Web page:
Native Bees

We got a dusting of snow Monday night, but not nearly enough to groom. TRAILS POOR for skiing, but very pretty for hiking.

Our pioneer foremothers were on to something. In creating the Heritage Garden at Crossroads many years ago, volunteers from the Sturgeon Bay Home and Garden Club tried to replicate the gardens of their Door County grandmothers…vegetable gardens bordered by colorful, fragrant flowers.
Did our early European settlers  long for beauty? Probably. But these women also held the belief that their vegetables grew better in gardens with  flowers. They were so correct.  Flowers attract pollinators. We now know that a number of garden plants, fruits and berries  are dependent on pollinators and even self-pollinating crops seem to have better yields when pollinators are present.
So each year, volunteers from Master Gardeners have made a special effort to attract pollinators to the Crossroads Heritage Garden by planting a variety of species of different heights with blossoms of  all shapes and sizes in blocks of color, and  trying to ensure that something is in bloom at any given time throughout the growing season. 
For thousands of years before the colonists brought hives of honey bees from Europe, native bees were pollinating native plants. They still do. In Wisconsin, there are as many as 400 species of native bees and bumblebees. They don’t  live in hives and they don’t make honey, but they do pollinate plants…probably more efficiently than honey bees. Native bees are very beneficial to many garden and agricultural crops.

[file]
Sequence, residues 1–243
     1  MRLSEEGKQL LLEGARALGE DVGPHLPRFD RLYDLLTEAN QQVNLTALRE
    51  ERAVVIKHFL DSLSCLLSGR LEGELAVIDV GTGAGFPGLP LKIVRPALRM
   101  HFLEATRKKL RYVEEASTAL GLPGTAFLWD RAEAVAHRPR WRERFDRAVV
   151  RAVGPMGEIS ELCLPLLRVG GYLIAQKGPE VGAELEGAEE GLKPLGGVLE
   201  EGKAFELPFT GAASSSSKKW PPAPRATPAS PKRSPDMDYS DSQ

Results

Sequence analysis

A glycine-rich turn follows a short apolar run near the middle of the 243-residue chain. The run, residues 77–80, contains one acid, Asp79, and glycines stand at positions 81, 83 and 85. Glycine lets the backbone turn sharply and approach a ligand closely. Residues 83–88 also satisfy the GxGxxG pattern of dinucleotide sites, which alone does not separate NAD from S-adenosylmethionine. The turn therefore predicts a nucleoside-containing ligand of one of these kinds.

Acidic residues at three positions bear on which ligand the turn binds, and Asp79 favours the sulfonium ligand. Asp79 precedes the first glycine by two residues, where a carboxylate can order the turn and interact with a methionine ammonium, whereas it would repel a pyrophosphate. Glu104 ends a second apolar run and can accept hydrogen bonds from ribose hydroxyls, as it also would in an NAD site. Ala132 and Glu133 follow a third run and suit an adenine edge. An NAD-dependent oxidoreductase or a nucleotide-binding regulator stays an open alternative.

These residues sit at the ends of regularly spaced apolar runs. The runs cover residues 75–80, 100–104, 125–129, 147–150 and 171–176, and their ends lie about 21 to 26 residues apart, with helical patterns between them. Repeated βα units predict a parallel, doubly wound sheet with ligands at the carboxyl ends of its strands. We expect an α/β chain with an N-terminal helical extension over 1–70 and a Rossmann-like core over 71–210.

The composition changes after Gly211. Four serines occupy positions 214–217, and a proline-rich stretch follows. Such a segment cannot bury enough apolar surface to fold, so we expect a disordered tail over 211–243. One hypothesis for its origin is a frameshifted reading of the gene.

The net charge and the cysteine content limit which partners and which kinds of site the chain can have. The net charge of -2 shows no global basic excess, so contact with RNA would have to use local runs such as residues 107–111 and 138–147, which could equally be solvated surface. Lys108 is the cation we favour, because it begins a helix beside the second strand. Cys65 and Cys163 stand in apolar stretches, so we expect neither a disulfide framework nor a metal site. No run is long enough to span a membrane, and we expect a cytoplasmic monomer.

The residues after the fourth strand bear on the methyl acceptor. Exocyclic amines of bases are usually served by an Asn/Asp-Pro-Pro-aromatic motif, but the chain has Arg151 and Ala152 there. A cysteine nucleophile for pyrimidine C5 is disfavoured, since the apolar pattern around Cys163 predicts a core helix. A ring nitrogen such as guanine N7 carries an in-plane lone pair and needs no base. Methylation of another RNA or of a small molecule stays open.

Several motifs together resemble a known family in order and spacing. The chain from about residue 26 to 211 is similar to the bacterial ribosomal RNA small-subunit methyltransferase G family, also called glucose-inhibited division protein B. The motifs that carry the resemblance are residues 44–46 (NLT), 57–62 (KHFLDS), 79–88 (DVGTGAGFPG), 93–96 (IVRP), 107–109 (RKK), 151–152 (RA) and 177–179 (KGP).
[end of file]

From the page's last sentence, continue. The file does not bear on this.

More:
JeremyOn Tuesday, January 20 at 7:00  Jeremy Hemberger of the University of Wisconsin Madison’s Gratton Laboratory will present a Master Gardener Lecture titled “Native Pollinators-Look beyond the Honey Bee.” The talk will feature some basic biology of pollinators, a discussion of factors influencing their decline, and a review of some current research going on at the UW (including some of his own work at the Gratton Lab. )  He talk a bit about honey bees, but the focus of the lecture will be on native pollinators. The program is free and open to the public.
Our nature outing this week will be to Crossroads’ Ida Bay Preserve at 10:00 on Friday, January 16. Participants will meet at the Collins Learning Center at Crossroads  and if snow is deep, check out snowshoes and poles. Then the group  will travel by car to the preserve. The outing is free and open to the public.
Our Ski-For-Free program is underway, at least when conditions warrant, on Thursdays, Saturdays, and Sundays from 1:00 to 3:30. We loan snowshoes and skis in all sizes free of charge in order to help people get in touch with nature in the winter.
Crossroads at Big Creek is a donor supported  preserve, welcoming learners of all ages to programs in science, history and then environment. The Collins Learning Center, located at 2041 Michigan in Sturgeon Bay, is open daily 2:00-4:30 and during scheduled activities. Trails are free and open to the public.

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